The 10 Best Men's Diabetic Shoes
This wiki has been updated 26 times since it was first published in December of 2016. Diabetics, and those close to them, know that the condition can affect much more than a person's blood sugar; it can also damage nerves and vessels throughout the body. The specially designed shoes on this list offer arch support, removable insoles, and ample room, so sufferers can keep up an active lifestyle without having to worry about discomfort. And there is a range of styles to choose from. When users buy our independently chosen editorial recommendations, we may earn commissions to help fund the Wiki. If you'd like to contribute your own research to the Wiki, please get started by reviewing this introductory video.
October 05, 2019:
If you suffer from diabetes, you probably already know how the condition can impact your mobility and comfort. Poor circulation in the feet is one of the most common symptoms of diabetes, so it is important to wear the proper footwear if you want to continue engaging in activities that require standing or walking. The shoes in this list are designed to gently support the foot and lower the wearer's risk of developing pressure ulcers. To reduce your risk further, pair your diabetic shoes with diabetic socks, which help alleviate pressure on vulnerable points on the foot.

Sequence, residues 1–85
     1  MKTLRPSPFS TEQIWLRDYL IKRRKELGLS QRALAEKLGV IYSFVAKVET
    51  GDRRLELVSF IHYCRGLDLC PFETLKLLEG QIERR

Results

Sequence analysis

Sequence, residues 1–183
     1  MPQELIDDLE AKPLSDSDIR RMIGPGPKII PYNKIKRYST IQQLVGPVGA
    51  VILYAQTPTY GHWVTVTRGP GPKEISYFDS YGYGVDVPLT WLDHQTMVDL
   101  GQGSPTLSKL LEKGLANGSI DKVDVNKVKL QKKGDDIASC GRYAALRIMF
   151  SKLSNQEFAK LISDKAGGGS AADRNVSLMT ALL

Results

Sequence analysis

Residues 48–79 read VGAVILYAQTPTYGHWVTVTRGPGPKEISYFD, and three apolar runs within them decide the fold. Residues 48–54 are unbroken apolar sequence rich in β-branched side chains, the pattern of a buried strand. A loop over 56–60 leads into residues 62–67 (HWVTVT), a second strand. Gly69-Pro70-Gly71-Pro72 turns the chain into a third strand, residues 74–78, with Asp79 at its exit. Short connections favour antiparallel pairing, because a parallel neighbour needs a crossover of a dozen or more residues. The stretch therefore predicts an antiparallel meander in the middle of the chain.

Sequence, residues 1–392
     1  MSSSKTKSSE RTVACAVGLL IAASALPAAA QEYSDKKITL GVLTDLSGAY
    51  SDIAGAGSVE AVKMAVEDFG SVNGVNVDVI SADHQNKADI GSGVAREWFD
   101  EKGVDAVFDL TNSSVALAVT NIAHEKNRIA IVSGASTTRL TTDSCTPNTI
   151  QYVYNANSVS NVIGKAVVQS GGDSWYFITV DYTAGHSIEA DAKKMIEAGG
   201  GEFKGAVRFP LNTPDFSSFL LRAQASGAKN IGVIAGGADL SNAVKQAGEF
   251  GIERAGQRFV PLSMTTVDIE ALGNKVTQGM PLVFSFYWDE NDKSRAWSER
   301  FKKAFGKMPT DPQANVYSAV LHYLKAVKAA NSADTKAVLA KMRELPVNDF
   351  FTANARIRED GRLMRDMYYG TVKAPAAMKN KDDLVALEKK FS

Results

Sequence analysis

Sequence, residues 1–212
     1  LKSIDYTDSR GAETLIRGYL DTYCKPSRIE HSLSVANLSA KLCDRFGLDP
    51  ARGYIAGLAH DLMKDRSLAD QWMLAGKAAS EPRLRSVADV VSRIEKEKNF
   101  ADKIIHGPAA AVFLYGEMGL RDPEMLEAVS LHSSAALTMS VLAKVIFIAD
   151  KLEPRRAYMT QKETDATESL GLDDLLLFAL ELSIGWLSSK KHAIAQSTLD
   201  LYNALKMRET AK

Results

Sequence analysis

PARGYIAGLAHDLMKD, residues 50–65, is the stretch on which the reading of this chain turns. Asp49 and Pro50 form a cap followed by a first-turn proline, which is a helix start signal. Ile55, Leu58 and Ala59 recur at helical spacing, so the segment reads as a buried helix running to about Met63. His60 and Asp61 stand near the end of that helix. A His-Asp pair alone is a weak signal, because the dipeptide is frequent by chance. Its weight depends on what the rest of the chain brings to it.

New to the list are the Dr. Comfort Ranger, Orthoshoes Mesh, and Dr. Comfort Wing, all of which boast the extra support necessary for individuals with diabetes, as well as other conditions that affect the legs and ankles. The Dr. Comfort Ranger was chosen primarily due to its outdoorsy design, while the Dr. Comfort Wing was included because of its elegant look. The Orthoshoes Mesh is a super-casual shoe that is ideal for wearing around the neighborhood or while running errands. Unfortunately, the Orthofeet 420 had to be removed due to fulfillment issues.
What Diabetes Does to Your Body
Type 2 diabetes, on the other hand, can be affected by lifestyle choices in addition to genetics.
Diabetes is one of the most common — and debilitating — diseases in America today. It's estimated that over 27 million Americans suffer from it, with another 86 million showing early signs of the affliction. Despite this, however, it's a disease that's still widely misunderstood.
Your body makes a hormone called insulin that helps you break down glucose and convert it into energy. Some people, however, can't keep up with the amount of glucose in their bloodstream, despite their bodies producing more and more insulin. That insulin responds by packing cells to the gills with glucose.